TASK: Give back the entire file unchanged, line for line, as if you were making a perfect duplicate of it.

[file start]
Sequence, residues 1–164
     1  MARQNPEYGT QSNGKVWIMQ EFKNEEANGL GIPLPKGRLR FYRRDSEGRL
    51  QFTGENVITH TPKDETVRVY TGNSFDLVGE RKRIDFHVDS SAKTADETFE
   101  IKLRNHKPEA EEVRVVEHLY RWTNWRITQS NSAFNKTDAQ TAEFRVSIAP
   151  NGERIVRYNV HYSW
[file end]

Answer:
Sequence, residues 1–164
     1  MARQNPEYGT QSNGKVWIMQ EFKNEEANGL GIPLPKGRLR FYRRDSEGRL
    51  QFTGENVITH TPKDETVRVY TGNSFDLVGE RKRIDFHVDS SAKTADETFE
   101  IKLRNHKPEA EEVRVVEHLY RWTNWRITQS NSAFNKTDAQ TAEFRVSIAP
   151  NGERIVRYNV HYSW